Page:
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UCLA FOOTBALL

UCLA's Brett Hundley hits a bump against California

Quarterback turns the ball over five times in the rockiest game of his young career, but he didn't get much help from his offensive line.

October 10, 2012|By Chris Foster
  • Brett Hundley turned the ball over five times against Cal.
Brett Hundley turned the ball over five times against Cal. (Jason O. Watson / Getty Images )

It figured there would be games like this. Or, as UCLA quarterback Brett Hundley put it after Saturday's loss to California, "The ball is not going to bounce your way every game."

Hundley burst into his college career with three consecutive 300-yard passing games. But as UCLA prepares to play Utah on Saturday at the Rose Bowl, the redshirt freshman is coming off the most difficult game his life.

Against Cal, he threw for 253 yards and two touchdowns but also had four passes intercepted and fumbled twice, losing one.

The mistakes could largely be attributed to rookie growing pains, but they really did hurt. The loss bounced the Bruins from the national rankings and left them with a record of 4-2 overall, 1-2 in Pac-12 Conference play.

"There is no Chicken Little going on around here," offensive coordinator Noel Mazzone said. "We knew there were going to be bumps in the road."

The coach added, "You can't turn the ball over like that and expect to beat anybody."

Hundley is the first freshman starter Mazzone has tutored since Auburn's Jason Campbell in 2001. Campbell finished his first college season with 1,117 yards passing and four touchdowns. Three years later, he led the Tigers to a 13-0 record and was the MVP of the Southeastern Conference championship game.

Hundley is ahead of that curve. He has thrown for 1,723 yards and 13 touchdowns through six games. He had only three intercepted passes first five weeks this season. Then came Saturday.

"The reality of the situation is he is going have some tough plays, he's going to have some tough quarters, he might even have some tough games," Coach Jim Mora said. "You can't become a great quarterback without going through some really difficult times."

Mora admitted that Hundley "looked a little more like a freshman the other night." But, he added, "You have to credit the California defense too."

And look elsewhere, Mazzone said. The Bruins played three freshmen on the offensive line.

"You compound Brett's youth with the fact there is not a lot of experience around him," Mazzone said.

It's Mazzone charge to challenge Hundley without breaking his confidence, a delicate two-step.

"You don't want to take that guy who makes plays for you and have him be afraid to make plays for you," Mazzone said. "But you want him to be smart enough to know when to take those chances."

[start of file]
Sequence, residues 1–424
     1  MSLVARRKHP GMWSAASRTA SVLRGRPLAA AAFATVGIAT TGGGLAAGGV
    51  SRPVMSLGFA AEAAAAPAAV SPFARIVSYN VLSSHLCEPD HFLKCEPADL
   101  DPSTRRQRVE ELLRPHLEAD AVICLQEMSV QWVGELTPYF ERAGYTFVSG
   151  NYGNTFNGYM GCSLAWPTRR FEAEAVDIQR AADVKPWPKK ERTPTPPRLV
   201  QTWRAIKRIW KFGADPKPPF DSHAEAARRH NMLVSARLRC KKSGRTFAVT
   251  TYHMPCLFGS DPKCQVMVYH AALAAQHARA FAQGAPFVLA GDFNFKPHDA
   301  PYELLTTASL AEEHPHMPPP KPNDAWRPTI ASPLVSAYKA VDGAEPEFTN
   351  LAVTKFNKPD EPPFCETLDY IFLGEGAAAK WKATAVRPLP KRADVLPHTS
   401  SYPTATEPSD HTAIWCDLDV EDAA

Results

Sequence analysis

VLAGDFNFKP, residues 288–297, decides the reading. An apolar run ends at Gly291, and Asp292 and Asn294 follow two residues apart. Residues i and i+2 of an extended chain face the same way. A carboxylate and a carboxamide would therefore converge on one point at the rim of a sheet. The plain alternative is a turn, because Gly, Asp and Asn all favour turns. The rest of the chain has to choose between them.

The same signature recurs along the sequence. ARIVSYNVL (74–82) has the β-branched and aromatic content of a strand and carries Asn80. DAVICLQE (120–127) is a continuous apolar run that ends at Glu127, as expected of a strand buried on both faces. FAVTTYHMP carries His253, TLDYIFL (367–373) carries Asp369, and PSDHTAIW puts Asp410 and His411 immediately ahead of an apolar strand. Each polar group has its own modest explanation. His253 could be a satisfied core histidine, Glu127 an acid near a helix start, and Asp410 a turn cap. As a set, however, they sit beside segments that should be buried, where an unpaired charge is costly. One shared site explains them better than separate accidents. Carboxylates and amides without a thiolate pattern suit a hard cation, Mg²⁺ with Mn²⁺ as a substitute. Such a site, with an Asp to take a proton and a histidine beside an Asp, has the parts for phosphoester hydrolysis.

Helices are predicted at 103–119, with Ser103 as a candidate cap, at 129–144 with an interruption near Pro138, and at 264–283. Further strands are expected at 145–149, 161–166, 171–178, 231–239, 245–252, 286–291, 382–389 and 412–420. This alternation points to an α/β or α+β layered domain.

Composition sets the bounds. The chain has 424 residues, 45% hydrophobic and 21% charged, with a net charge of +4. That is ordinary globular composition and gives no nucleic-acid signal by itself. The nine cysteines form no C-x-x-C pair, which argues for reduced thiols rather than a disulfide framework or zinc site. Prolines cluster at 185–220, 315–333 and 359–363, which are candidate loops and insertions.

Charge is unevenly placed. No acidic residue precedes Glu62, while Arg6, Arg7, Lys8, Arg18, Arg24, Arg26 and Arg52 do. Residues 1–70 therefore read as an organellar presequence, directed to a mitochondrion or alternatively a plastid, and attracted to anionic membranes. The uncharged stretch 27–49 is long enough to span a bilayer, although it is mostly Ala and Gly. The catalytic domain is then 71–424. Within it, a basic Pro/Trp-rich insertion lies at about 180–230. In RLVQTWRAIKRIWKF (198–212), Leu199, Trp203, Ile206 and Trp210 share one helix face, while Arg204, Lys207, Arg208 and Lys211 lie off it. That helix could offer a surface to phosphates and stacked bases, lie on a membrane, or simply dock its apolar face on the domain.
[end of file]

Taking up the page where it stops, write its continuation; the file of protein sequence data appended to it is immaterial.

Mistakes come while learning to make those choices.

"It's like having a little kid," Mazzone said. "You can tell him not to touch the stove because it's hot, but that may make him want to touch it."

Hundley got burned against California.

The Bears chased Hundley, and battered him. He was sacked five times and the offense lurched along. Three of his interceptions came in the fourth quarter when he was trying to rally the Bruins from a 29-17 deficit.

"I'm not mad about it; I'm not sad about it," Hundley said. "How you respond defines you as a man."

Asked about whether he saw anything on the game video that indicated he made mistakes in his reads, Hundley said, "When I see something, I'm going to believe in it. That is what my coach is teaching me. I threw the ball where I thought it should go."

Mazzone took a share of the blame.

"We both need to do a better job of being a little more conservative, which is against my nature," Mazzone said. "This is a volatile offense and we're asking him to make a lot of decisions. I don't want to take the heart out of him."

Hundley had been trustworthy in the weeks leading up to the Cal game. He tied a UCLA freshman record by topping 300 yards passing in consecutive games against Rice, Nebraska and Houston. His first college play was a 72-yard touchdown run against Rice.

And just like that a redshirt freshman carried the weight of every UCLA fan's hopes and dreams. But his coaches, while pleased and optimistic, also remained realistic.

"You have to be careful that you don't put too high of expectations on him too early," Mora said. "Every game there's something happening to Brett that he's never seen before. Hopefully he learns."

chris.foster@latimes.com

twitter.com/cfosterlatimes

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